YK: It’s true. I won’t name any names but certainly there have been cases where other artists have taken my ideas to make their works. In particular this happens with my works from when I was younger. Of course I am always one step ahead of them. Even so, it’s taken quite a while for my works to be understood. Everything around me is moving too slow. If I were to adjust what I’m doing to that speed, I would have to live another 400 years! 

ARTiT: Aside from your touring exhibitions, what other projects do you currently have underway?

YK: Currently I am having a new building constructed not far from this studio. We just held the groundbreaking ceremony, and the building is scheduled to be completed around October of next year. The current studio will be used exclusively for making works, while the new building will house storage and archive facilities, although I’m undecided at this point whether to open it to the public.

ARTiT: If you did open it to the public, you could theoretically have a space to show your works exactly as you envision them.

YK: To build a museum and preserve my works for later generations who would continuously come to view them is certainly something I have thought about. The more works I make the more I plan to place there.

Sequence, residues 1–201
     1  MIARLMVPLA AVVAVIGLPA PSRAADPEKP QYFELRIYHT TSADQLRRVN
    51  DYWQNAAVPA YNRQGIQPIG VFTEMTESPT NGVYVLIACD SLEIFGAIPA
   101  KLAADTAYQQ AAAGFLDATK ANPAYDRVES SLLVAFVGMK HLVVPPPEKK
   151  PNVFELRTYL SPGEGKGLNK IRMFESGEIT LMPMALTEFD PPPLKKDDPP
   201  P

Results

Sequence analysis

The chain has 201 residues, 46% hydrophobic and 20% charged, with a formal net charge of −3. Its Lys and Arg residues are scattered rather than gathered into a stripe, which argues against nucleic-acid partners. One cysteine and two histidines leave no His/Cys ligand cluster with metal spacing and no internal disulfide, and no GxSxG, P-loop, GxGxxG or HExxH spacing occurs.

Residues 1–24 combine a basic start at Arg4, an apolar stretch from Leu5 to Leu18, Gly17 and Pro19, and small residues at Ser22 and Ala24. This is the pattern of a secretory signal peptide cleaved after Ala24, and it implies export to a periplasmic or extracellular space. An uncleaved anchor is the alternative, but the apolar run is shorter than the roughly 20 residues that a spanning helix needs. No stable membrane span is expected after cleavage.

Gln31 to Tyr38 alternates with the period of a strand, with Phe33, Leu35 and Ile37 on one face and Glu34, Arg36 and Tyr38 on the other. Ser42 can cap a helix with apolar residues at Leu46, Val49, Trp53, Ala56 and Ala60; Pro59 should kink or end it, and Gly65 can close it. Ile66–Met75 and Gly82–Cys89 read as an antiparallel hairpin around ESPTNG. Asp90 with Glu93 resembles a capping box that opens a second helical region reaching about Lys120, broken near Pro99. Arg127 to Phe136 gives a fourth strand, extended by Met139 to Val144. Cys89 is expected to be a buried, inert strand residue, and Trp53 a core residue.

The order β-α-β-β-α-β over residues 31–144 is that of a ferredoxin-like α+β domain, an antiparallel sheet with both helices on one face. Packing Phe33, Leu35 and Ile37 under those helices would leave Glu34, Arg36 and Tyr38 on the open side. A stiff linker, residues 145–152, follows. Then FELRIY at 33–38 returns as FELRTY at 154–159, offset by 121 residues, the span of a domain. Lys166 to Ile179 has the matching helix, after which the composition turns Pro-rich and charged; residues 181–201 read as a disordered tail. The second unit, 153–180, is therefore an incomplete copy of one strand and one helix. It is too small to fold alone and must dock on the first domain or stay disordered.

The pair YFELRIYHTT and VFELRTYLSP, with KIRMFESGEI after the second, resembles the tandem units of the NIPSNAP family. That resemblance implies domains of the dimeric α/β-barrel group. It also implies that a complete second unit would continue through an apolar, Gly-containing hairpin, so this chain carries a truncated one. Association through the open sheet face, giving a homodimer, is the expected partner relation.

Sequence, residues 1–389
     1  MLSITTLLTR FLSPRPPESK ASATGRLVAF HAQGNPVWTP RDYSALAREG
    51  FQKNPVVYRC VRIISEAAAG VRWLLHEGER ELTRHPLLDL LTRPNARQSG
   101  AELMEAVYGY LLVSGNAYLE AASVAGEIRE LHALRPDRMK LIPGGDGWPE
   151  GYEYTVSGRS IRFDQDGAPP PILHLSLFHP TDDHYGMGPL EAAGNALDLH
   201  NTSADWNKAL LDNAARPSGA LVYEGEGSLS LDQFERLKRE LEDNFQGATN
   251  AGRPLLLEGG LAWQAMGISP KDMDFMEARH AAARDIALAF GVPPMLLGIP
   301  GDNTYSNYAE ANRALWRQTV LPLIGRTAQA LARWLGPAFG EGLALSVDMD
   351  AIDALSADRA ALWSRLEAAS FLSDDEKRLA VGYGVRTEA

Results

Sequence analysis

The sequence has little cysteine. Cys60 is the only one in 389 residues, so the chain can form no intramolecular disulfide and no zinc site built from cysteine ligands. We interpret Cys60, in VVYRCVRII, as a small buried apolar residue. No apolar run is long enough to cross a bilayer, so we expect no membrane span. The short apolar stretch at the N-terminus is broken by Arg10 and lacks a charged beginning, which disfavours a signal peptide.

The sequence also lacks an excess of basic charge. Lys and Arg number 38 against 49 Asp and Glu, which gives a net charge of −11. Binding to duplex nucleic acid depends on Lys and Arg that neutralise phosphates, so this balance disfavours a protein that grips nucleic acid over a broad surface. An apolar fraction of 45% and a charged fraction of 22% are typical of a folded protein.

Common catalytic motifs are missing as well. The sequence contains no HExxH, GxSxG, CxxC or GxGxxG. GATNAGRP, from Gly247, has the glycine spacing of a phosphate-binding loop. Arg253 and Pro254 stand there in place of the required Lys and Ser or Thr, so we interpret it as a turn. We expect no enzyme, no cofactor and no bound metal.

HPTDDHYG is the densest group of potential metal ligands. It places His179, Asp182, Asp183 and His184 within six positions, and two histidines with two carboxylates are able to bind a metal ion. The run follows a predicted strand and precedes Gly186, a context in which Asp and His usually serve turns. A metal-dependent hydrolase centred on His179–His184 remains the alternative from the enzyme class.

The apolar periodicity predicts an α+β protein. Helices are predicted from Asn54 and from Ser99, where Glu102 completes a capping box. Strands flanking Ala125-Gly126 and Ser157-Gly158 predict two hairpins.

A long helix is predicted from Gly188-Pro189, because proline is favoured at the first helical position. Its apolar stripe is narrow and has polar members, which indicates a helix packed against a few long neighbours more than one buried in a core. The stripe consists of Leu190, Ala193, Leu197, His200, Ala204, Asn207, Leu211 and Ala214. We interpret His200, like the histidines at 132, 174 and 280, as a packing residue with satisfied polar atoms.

Joy Feel when Love has Blossomed (2009), acrylic on canvas, 194 x 194 cm.

ARTiT: As one of the most senior artists in Japan, is there anything in particular you wish to pass on to the current generation of young artists here? 

YK: Young people all say that they want to become painters or want to become sculptors, and the most important thing is that they hold on to that spirit without any trepidation. Even those who have shining debuts might give up after two or three years, either because they end up in a different field from art or they simply stop producing. When I see such people I think that if only they had held on to their convictions to make the paintings of sculptures that they envisioned, if only they had been willing to pursue it even until death, then they could have made even better work.  
I like Henri Rousseau and Edward Munch, because they are artists who stand up to the flow of time that is history. From youth they were fatally committed to painting, and that is why even though they are dead they still have followings.
When you look at compendiums of their works, you can tell that they were completely dedicated to painting. But you look at the portfolios of other artists and you can tell that they gave up somewhere. To pursue a single thing to the very end, to the extremes of your capability, is a battle. However much talent you may or may not have, if you truly commit yourself to making art, then even if your works are no good, the deep-felt conviction they manifest can still move others.